FLIES.—A German naturalist has described six hundred species of flies, which he has collected within a district of ten miles. Thirty thousand different kinds of insects which prey upon wheat have been collected. This suggests the multitudinous infinitude of the total tribe. EI'FECTS OF LIGHT.—If the objects of the matllrial world had been illuminated only with white light, all nature would have shone with a le,aden hue ; and all the features of the human countenance would have exhibited no other variety but that which they possess in a pencil or a China ink drawing. But He who has exhibited such matchless skill in the organization of material bodies, and such exquisite taste in forms upon which they are modeled, has superadded that ethereal beauty which enhances their more permanent qualities, and presents them to us in the ever-varying colors of the spectrum. The gay coloring with which the Maker has dsclted. the pale marble of nature is not the result of any quality inherent in the colored body, or in the particles by which it may be tinged, but is merely a property of the light in which they happened to be placed. PHYSIOLOGICAL FACTS.—The number of bones in the framework of a human body is 260, 108 of which are in the feet and hands, there being in each 27. The quantity of blood in adults is, on an average about 30 lbs., which passes through the heart once in four minutes. Only one-tenth of the human body is solid matter. A dead body weighing 120 lbs. was dried in the oven till all moisture was expelled, and its weight was reduced to 12 lbs. Egyptian mummies are bodies thoroughly dried ; they usually weigh about 7 lbs. The lungs of an adult ordinarily inhale 40 cubic inches of air at once, and if we breathe twenty times in a minute, the quantity of air consumed in that time will be 800 cubic inches, or 48,000 inches an hour, and I 1,152,000 inches in a day, which is equal to / 86 hogsheads.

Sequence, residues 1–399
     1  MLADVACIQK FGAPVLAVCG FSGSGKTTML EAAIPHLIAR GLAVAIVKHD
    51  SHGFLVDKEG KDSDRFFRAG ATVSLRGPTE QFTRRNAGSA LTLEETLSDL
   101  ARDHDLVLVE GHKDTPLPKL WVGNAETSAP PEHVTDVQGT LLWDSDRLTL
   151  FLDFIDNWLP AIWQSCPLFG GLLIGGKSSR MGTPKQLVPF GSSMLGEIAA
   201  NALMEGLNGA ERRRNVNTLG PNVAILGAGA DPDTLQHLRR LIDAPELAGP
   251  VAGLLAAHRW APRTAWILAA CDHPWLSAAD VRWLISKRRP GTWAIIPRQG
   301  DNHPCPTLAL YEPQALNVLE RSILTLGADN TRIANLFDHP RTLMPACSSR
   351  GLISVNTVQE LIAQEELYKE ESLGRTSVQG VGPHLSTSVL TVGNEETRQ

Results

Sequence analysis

This article was originally published with the title "Scraps for the Scientific Museum"